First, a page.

I love Christmas. There is a certain something about the season that warms me up, the extra care people take with each other, the reflection on the months prior to December, or maybe it’s the reminder that all things end which draws us closer together. Whatever it is, the season is my catnip — bring out the antlers, trees, blinking lights and mulled wine and I’m a happy camper.
Like anybody else, I have my Yuletide traditions — watching my wife like a hawk so I can figure out what to get her that will make her face light up on the morning of the 25th, finding obscure Xmas songs to share on social media (my version of an advent calendar), and managing the ever-growing list of what my daughter wants from the fat dude in the red suit. I built some theatrical traditions around it as well.
While living in New York and working as part of Dysfunctional Theatre Company, our shared Yuletide tradition was putting on Jeff Goode’s The Eight: Reindeer Monologues. Over the course of five years, we would attack the holiday from the East Village, bringing patrons into our unique version of the show, where the caribou would testify from their stools at the staff bar, The North Hole. We loved doing that show because it was provocative, silly, and super dark. The opportunity to explore the fact that not everyone has a Merry Christmas is made so much more satisfying with antlers plastered to your head. I had the unique privilege of playing all the male identifying reindeer in that show, and will still quote lines with my friends back east whenever we talk, which is less often than I care to admit.
Back in 2011, my wife and I pulled up stakes from Brooklyn and moved to Portland, the first breaker in a tsunami of transplants that would transform the landscape of this fairy tale city in the woods — for better or worse. I fell in with Bag&Baggage in short order, finding that we spoke a common theatrical language. The first audition I had in front of Scott Palmer, I did a monologue from Reindeer, which unbeknownst to me was their inaugural show at the Venetian (I would learn later that their production almost sank the company, but that’s Scott’s story to tell.) It was kismet. I had found my tribe.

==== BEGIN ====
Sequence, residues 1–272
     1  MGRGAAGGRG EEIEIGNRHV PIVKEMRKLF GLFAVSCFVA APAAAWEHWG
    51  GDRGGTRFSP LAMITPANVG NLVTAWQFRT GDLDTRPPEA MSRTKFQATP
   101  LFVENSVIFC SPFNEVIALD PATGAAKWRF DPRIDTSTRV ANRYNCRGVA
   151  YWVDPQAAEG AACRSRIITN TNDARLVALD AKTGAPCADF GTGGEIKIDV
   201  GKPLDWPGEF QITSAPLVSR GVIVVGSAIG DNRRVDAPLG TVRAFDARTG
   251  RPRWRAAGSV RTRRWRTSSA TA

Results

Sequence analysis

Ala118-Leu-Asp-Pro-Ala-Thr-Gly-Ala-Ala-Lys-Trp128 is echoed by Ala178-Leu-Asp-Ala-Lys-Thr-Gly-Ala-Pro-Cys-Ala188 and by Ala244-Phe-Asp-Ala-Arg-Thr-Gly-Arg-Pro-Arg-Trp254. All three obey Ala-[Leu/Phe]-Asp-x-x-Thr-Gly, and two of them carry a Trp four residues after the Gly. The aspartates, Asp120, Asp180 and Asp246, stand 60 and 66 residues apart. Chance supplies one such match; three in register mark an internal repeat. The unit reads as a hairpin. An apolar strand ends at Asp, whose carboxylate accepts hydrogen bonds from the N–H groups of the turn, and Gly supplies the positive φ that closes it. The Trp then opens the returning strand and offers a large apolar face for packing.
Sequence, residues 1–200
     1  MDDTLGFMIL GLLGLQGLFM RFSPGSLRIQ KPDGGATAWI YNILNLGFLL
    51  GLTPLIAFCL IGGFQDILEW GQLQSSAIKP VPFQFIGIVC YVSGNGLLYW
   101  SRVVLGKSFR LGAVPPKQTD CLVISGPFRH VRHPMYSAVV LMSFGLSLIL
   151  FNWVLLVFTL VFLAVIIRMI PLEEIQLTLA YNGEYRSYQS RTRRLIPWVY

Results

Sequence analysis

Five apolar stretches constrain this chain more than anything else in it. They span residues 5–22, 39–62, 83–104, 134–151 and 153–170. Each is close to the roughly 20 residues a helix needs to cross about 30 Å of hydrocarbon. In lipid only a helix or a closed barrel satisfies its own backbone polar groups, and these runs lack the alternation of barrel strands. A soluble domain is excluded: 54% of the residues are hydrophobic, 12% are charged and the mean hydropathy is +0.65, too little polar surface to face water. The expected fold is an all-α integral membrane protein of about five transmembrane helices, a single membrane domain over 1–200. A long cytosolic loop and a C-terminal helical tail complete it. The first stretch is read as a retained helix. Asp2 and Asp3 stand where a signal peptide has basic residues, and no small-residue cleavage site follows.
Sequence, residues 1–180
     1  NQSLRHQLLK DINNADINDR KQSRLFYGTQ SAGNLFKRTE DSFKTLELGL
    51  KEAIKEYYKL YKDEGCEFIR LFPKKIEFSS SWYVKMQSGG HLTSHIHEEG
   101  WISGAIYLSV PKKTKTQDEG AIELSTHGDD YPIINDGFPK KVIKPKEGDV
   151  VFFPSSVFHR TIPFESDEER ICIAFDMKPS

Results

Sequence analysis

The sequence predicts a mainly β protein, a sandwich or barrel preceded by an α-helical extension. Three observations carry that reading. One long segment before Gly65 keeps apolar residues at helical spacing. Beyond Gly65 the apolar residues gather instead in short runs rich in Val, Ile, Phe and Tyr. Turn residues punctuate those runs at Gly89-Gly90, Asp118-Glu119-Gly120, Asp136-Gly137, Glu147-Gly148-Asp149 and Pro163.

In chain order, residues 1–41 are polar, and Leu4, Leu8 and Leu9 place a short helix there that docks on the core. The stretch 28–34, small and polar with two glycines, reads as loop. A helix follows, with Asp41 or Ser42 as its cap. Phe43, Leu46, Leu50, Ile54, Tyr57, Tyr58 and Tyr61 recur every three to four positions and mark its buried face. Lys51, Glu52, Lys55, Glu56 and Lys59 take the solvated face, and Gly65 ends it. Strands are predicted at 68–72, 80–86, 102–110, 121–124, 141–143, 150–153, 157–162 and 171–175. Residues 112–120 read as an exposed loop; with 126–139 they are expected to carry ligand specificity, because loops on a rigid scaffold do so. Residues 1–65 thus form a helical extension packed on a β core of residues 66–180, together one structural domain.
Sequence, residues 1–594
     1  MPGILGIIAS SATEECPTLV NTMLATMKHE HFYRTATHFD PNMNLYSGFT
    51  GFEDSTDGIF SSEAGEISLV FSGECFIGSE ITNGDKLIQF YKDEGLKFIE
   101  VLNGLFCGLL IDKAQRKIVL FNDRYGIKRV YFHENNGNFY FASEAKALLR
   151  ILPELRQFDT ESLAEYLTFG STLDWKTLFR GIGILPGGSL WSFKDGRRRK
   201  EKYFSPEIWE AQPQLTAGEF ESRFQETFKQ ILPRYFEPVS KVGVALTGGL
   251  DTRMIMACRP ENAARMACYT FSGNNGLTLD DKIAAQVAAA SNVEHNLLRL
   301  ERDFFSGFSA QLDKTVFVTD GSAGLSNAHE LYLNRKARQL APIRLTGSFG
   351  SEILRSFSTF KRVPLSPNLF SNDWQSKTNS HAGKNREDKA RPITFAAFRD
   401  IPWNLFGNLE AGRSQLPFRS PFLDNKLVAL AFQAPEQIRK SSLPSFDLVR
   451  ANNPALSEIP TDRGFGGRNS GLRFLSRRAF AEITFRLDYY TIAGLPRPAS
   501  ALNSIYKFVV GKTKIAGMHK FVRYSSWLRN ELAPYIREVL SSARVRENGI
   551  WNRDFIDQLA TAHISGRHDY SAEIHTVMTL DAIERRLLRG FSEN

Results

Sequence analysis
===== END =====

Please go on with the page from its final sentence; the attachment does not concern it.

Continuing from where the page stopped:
That same year, I auditioned for but didn’t get cast in Charles Dickens Writes a Christmas Carol. Though disappointed, I was happy to sit in the audience, where I was introduced to the unique collaboration of Dickens and Palmer, a super imaginative, hyperliteral combo of slapstick, pathos, and unadulterated joy. “Heart on a Schtick,” as Scott like to put it. He had me hooked. I wanted a shot at working on that script.
A few years later I got a glimpse of it, doing the touring version of Scott’s “Carol” through Washington County. Thus began a new Yuletide tradition — every year since featuring some sort of Dickensian hijinks with Bag&Baggage, and I love it. Carol is my favorite Yuletide story, specifically because it takes the emphasis off the biblical implications and brings it down to street level, illuminating the human condition in a way no writer has been able to do before or since. His treatise on the consequences of avarice and ignorance ring truer to me than any morality play, parable, or fable. Real people suffer in this story. Children labor and die in obscurity, and charity is thin on the ground. Only through honest self-reflection and a reckoning with a life badly lived is Scrooge able to pull the cobwebs from his eyes and join humanity. The original version can drag a bit — Dickens was happy to use a sentence where a word would have done nicely — which is I will always say yes to Scott’s versions of the tale. Whether it’s a tour, a farce, blind-drunk, or this very special version we’re doing now, I will never say no to A Christmas Carol.